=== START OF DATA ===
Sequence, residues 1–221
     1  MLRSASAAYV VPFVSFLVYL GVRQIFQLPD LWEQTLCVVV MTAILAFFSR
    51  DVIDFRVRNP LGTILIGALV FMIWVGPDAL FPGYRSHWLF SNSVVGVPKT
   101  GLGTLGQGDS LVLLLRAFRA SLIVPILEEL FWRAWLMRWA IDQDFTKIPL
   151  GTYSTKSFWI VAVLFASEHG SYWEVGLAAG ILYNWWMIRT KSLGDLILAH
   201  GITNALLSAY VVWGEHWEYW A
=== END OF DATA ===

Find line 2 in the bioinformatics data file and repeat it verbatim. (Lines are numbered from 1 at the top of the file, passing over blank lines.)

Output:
     1  MLRSASAAYV VPFVSFLVYL GVRQIFQLPD LWEQTLCVVV MTAILAFFSR